Eight years ago today, my father died. He had fought a seven-year battle with leukemia, and the complications finally caught up with him. I remember the whole week leading up to it. He had gone into the hospital on Sunday afternoon (the 10th) after a blood transfusion failed to stabilize his red blood cell counts. Monday night several blood clots moved from his legs into his lungs, heart, and head, resulting in a mild/moderate heart attack and stroke. The rest of that week saw steady improvement, though, and by Saturday he was out of ICU.
Sunday night (the 17th) as I was leaving my small group leader’s house, my mom called to ask me to come by the hospital before I went home because Dad had been moved back to ICU. She said it was nothing major, but she just wanted me come by. I will never forget walking around the corner into the ICU waiting room and seeing my cousin Jeremy standing there, sobbing. In the 30 minutes between small group and the hospital, my dad’s heart had stopped and been restarted, and as I arrived the doctors were restarting it for a second time. They got him stabilized, but couldn’t get his blood pressure above about 50/20, and he never regained consciousness.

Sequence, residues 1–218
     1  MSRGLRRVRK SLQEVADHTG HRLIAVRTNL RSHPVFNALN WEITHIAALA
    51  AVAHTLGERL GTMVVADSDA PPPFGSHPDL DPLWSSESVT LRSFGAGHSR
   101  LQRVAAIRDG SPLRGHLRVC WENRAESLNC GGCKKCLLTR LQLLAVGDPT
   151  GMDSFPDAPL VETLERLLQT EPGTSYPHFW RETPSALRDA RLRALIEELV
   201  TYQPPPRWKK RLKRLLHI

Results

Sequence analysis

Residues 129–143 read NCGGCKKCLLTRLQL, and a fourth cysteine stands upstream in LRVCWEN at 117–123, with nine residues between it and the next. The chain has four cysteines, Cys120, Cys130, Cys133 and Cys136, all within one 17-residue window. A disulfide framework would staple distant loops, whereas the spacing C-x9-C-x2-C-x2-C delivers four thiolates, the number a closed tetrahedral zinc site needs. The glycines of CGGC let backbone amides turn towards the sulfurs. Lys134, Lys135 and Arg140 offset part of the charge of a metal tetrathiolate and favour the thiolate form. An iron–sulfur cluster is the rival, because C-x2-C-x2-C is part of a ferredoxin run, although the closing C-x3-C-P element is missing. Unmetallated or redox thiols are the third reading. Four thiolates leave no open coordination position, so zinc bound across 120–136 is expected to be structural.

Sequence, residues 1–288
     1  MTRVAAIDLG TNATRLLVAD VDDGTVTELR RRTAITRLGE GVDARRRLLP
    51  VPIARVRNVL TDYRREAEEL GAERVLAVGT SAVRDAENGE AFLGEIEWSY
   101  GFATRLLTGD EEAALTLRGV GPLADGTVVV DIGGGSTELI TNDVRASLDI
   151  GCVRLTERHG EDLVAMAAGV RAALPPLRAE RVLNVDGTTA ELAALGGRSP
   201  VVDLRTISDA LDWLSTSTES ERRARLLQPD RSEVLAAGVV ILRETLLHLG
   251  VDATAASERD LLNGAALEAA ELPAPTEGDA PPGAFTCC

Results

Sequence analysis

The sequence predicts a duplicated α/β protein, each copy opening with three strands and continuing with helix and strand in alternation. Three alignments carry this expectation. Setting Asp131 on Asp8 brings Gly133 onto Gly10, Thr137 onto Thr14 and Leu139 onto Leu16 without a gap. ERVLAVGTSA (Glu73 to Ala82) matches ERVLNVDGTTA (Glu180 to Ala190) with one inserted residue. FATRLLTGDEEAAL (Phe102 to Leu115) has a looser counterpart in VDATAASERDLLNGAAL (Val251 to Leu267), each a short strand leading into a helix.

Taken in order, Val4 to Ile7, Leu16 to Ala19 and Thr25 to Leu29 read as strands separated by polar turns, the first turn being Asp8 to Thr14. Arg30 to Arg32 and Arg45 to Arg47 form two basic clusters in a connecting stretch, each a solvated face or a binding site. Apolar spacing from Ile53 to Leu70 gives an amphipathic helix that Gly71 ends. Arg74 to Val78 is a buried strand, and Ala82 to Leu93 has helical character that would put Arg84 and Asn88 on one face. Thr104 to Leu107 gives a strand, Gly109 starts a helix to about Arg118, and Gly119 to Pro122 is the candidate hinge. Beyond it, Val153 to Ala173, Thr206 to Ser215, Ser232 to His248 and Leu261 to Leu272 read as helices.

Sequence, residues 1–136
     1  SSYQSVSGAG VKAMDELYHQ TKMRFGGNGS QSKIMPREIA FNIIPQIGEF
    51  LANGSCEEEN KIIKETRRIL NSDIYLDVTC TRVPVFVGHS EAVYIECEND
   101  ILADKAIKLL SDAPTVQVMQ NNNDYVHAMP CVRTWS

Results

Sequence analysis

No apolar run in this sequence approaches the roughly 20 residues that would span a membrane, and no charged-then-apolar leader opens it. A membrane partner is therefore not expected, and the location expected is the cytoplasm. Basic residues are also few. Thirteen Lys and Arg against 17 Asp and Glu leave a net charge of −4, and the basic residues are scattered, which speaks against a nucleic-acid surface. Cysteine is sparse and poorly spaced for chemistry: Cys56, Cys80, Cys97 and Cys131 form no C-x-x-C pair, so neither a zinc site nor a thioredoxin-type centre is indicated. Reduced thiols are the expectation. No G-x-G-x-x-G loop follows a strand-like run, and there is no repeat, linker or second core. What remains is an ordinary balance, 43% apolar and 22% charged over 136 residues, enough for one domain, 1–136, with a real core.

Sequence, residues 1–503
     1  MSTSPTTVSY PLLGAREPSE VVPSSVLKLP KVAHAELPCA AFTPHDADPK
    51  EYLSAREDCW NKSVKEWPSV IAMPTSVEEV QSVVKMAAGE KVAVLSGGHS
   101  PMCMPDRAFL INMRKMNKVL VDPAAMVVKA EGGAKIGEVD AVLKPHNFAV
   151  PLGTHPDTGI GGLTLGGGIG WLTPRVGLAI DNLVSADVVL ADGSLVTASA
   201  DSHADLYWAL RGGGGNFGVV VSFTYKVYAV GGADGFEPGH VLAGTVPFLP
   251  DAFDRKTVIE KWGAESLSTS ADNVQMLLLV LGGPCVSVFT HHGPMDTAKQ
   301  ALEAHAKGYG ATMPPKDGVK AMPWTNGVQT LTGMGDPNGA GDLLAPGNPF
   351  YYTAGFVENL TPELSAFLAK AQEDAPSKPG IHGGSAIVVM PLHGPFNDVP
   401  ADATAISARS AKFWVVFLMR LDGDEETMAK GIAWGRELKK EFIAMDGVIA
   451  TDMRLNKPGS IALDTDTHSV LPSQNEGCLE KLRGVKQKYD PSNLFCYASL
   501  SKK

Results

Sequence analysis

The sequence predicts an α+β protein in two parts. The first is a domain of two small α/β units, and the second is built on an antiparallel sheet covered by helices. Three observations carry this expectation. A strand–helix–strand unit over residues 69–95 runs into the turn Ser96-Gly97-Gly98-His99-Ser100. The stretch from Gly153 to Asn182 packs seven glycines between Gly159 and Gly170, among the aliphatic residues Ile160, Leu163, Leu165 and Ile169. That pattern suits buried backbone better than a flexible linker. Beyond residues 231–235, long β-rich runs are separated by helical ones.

At about 4:30 on the morning of March 18th, 2002, I lost my father to death. It took me several weeks to get to the point where I could actually mourn. I don’t know if I was trying to be strong for everyone else, or if it just didn’t really sink in until then. Even when the tears finally came, there weren’t that many.
Eight years later, I can look back on such a hard time in my life with at least some understanding of why it happened. In the summer of 2003, I had the opportunity to tell my story to about 150 middle school students at a camp, and how God’s love expressed through my friends, and specifically my youth group, brought me through. The next fall, a friend at college was dealing with the death of her father, and I got to be there for her. Since then I’ve told it many times to various people, and had the opportunity to share some of the love that was shared with me.
I’m grateful for the ministry opportunities, even though it still hurts a little bit. What about you? What difficult thing has happened in your past that God has brought you through? What opportunities to share God’s love, grace, and peace has it created for you?
Side note – You know what I’m most thankful for out of this whole experience? I’m thankful that the last words I ever said to my father were, “I love you, Dad. I’ll see you later.” Both statements were true then, and they still are today. Please make sure that the people you love know that you love them.